How to Find the Stinky Parts of Your Code (Part IV) | Hacker Noon

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@mcseeMaximiliano Contieri

I’m senior software engineer specialized in declarative designs and S.O.L.I.D. and Agile lover.

Are we done on code smells? Guess not.

We see several symptoms and situations that make us doubt the quality of our development.

Let’s look at some possible solutions.

Most of these smells are just hints of something that might be wrong. They are not rigid rules.

This is part IV. Part I can be found here, Part II here and Part III is here.

Small changes yield unexpected problems.

Photo by Jack Tindall on Unsplash

Problems

Solutions

  1. Decouple.
  2. Cover with tests.
  3. Refactor and isolate what is changing.
  4. Depend on interfaces.

Examples

  • Legacy Systems

Sample Code

Wrong

Right

It is not easy to detect problems before they happen. Mutation Testing and root cause analysis of single points of failures may help.

There are multiple strategies to deal with Legacy and coupled systems. We should deal with this problem before it explodes under our eyes.

Architecture is the tension between coupling and cohesion.

Neal Ford

40+ Thought-Provoking Software Engineering Quotes

Discouraged by Object-Oriented Programmings, Many mixed languages support it. And developers abuse them.

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  • Coupling
  • Readability
  • Maintainability
  • Testability
  1. Wrap the function in a context object.
  • External Resources Access, Database access, Time and Operating System resources.

Wrong

Right

Many modern languages avoid them. For the permissive ones, scope rules can be applied and automatically checked.

Structured programming considers global functions harmful. Yet, we can observe some bad practices cross paradigm boundaries.

Singleton and Classes are global points of access.

The road to programming hell is paved with global variables.

Steve McConnell

Yet another global access coupled with laziness.

Photo by Alex Azabache on Unsplash

  • Coupling
  • Testability
  • Protocol Overloading
  • Cohesion
  1. Class Single Responsibility Principle is to create instance. Honor it.
  2. Delegate method to instance.
  3. Create stateless objects. Don’t call them helpers.
  • Static class methods
  • Static attributes

Wrong

Right

We can enforce a policy to avoid static methods (all class methods but constructors).

  • Global
  • Libraries

Class are globals disguised. Polluting their protocol with “library methods” breaks cohesion and generates coupling. We should extract static with refactorings.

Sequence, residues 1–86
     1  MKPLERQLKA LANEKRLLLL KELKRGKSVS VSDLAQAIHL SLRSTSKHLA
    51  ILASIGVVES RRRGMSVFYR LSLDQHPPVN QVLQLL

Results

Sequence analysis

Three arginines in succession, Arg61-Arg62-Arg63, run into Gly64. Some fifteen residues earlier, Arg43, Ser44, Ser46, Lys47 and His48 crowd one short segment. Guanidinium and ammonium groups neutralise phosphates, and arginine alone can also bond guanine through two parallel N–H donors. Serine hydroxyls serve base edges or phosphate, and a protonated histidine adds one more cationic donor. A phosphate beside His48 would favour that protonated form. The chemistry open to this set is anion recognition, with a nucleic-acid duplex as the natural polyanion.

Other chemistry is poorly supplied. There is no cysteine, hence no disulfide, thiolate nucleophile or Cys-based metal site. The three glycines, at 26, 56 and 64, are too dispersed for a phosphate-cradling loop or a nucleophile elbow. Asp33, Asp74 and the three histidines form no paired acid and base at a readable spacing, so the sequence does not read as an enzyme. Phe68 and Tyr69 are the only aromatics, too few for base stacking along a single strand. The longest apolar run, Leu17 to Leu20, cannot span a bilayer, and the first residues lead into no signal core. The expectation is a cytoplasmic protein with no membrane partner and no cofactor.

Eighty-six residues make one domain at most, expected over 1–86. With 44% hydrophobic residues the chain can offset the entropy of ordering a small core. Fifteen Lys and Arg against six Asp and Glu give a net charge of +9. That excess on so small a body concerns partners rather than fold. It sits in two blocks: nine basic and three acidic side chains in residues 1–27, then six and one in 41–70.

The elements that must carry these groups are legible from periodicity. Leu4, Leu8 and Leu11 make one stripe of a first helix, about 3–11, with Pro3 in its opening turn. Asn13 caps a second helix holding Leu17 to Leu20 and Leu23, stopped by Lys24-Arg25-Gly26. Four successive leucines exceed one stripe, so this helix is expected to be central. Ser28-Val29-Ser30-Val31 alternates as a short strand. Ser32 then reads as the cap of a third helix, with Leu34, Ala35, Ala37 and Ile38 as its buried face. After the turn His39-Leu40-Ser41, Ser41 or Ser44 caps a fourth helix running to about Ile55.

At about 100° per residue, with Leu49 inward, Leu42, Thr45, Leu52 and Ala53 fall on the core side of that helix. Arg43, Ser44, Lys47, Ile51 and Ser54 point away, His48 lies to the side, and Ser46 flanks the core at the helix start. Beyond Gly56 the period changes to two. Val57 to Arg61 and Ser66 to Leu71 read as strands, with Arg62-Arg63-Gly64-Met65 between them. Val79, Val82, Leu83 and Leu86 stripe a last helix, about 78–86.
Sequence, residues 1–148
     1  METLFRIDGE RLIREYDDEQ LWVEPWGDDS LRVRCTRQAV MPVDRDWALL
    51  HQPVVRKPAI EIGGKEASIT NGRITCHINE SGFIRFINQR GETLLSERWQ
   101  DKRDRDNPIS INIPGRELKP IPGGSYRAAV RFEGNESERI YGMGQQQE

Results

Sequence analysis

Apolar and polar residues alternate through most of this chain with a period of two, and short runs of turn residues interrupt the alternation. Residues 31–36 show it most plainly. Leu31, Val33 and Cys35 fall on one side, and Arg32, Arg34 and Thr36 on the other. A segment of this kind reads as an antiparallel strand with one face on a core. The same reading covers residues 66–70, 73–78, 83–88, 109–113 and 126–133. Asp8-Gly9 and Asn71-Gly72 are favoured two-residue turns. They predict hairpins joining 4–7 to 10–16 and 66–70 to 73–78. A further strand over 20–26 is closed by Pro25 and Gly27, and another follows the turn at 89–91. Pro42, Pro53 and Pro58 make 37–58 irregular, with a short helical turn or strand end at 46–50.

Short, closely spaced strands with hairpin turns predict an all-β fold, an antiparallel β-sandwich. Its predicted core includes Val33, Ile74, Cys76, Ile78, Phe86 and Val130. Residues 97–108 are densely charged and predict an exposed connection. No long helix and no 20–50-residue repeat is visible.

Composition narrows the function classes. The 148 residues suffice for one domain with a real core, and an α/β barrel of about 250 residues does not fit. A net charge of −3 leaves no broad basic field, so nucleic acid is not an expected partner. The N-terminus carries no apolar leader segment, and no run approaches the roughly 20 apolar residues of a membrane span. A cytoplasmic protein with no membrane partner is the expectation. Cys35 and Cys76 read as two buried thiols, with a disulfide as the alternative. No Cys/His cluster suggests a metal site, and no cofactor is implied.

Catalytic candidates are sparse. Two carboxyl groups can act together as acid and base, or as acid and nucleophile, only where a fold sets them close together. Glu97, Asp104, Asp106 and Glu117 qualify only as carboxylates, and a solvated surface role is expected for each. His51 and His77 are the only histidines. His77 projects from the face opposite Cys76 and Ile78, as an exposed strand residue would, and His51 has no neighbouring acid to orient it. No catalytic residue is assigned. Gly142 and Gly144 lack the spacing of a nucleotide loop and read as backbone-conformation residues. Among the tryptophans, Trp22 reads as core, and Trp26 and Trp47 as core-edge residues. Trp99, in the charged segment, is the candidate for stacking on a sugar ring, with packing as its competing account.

There is no programming problem that can’t be solved with one more level of indirection.

John McCarthy

Disguised as a friendly shortcut is another coupling smell.

  • Coupling
  • Unexpected results
  • Side effects
  • Ripple Effect
  • In languages with optional arguments but limited to basic types, we need to set a flag and add an accidental IF (another smell).
  1. Make arguments explicit.
  2. All function calls must have same arity.
  3. Use Named Parameters if your language supports them.

Wrong

Right

Detection is easy if language supports optional arguments.

  • Optional
  • Laziness

Be explicit. Favor readability over shorter (and more coupled) function call.

The trouble with programmers is that you can never tell what a programmer is doing until it’s too late.

Seymour Cray

Planning ahead of time needs a crystal ball no developer has.

Photo by Markus Spiske on Unsplash

  • Coupling
  • Testability
  • Readability
  • YAGNI
  1. Create great models and bijections first.
  2. Create a conclusive benchmark once the model is working.
  3. Design for Performance.
  4. Use Test Driven Development technique. It always favors the simplest solution.
  • Weird data structures
  • Caches
  • Singletons

Wrong

Right

This is a design smell so it can not be detected by mechanical tools (yet).

  • Premature Optimization
  • Antipattern

Defer performance decisions until functional models are mature enough.

Donald Knuth created/compiled the best/fastest algorithms and data structures. With great wisdom he warned us of abuse. Why do we think we are smarter than him?

Programmers waste enormous amounts of time worrying about, the speed of noncritical parts of their programs, and these attempts at efficiency actually have a strong negative impact when debugging and maintenance are considered. 

Donald Knuth

Premature optimization is the root of all evil.

Donald Knuth

And that’s it for now.

But rest assured, more smells will come.

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